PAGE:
From the book jacket: In Hollywood, Cary Grant has grown weary of
cinema's constant glamour, but Her Majesty's Secret Service will break his
malaise with a bizarre diplomatic mission. In Naples, Lucky Luciano fixes horse
races and launches the global heroin trade. And in Bologna, a bartender searches
for true love and his missing communist father. Set during the height of
the Cold War - with the world divided into East and West - 54 features
Italian partisans, KGB agents, Parisian lowlifes, and cameos by David Niven,
Marshal Tito, and Grace Kelly. Wu Ming brings us a cinematic romp that is by
turns edgy social satire and modern comic send up.
Comment: When I read a pre-publication review for 54 comparing it to the Don Camillo* short stories I had to have it (the full quote was "Don Camillo meets The Name of the Rose meets Dr. No: a rewarding beach book for grownups"). Sadly, to my mind, 54 did not live up to its billing on that count - but then again, very few books could, as the Don Camillo stories are one of my all time favorites! Having said that, it is a fun read, although I wished that I had had a little more historical background to fill in the details as I read (background I have supplied for you in the sidebar!) because the entire novel sprawls with fact and fiction and although in some cases it is easy to tell the two apart (sentient TV sets being a bit of a give-away) in other instances it is more difficult to know where one begins and the other ends, and keeping track of the many characters was a challenge - a list of key characters and how they related to each other would have been a help.
About the authors: Wu Ming is not a single person but a collective of five "guerrillla novelists" from Italy (in Chinese, wu ming can either mean "anonymous" or "five names", depending on how the first syllable is pronounced - and is a common byline among Chinese citizens demanding freedom of speech). They are not anonymous as such but prefer to write under their individual nom de plumes and in group refer to themselves as Wu Ming. 54 (a reference to the year 1954) is their first major work. The whole Wu Ming concept is far too complex to go into here, if you want to know more I suggest you visit their website bio page!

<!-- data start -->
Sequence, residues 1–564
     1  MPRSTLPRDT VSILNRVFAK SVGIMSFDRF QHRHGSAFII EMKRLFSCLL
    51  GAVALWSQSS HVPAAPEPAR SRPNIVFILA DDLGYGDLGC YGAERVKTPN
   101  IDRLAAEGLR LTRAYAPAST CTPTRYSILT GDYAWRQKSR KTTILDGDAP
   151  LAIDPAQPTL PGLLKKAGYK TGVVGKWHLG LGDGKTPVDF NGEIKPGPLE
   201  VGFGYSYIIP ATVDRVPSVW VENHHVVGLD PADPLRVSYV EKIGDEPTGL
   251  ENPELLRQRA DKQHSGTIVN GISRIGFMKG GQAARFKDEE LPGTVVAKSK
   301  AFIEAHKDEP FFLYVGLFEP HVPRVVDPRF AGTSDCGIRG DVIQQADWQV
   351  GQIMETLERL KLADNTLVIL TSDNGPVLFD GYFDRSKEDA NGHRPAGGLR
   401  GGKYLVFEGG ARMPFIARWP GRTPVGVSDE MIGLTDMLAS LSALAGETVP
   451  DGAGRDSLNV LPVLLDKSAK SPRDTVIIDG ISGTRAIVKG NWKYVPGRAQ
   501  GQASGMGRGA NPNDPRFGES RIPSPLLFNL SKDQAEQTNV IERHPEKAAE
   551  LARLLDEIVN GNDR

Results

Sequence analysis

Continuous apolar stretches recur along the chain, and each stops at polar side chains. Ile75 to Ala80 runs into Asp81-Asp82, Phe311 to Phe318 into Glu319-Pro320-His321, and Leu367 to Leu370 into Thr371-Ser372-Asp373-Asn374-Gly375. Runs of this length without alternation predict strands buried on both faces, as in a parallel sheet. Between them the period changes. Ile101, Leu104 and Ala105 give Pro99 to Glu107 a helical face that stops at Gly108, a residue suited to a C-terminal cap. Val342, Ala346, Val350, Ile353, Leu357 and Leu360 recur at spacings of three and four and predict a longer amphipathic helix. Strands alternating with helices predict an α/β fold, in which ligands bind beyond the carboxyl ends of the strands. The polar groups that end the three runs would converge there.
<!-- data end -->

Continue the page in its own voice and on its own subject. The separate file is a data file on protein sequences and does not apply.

Free book! Since 1996 the Wu Ming Foundation have operated what they refer to as a "copyleft" policy and allow visitors to their website to download the entire text of their books for free. So, while they do encourage you to pay for their books so they can keep writing them, you can also visit their website and download 54, or one of their other works, for free (in Italian, English, Dutch, Spanish or Portuguese).
*About the Don Camillo books: Starting in 1946, Giovannino Guareschi wrote more than 300 stories about the hot-headed parish priest Don Camillo, and his battles with the communist major Peppone, all set in the Po Valley of Northern Italy - if you're not familiar with these stories I do suggest you look them up, all appear to be out of print now but you can find plentiful used copies at Addall.com and Amazon, and probably in your local library).
This review is from the August 17, 2006 issue of BookBrowse Recommends. Click here to go to this issue.
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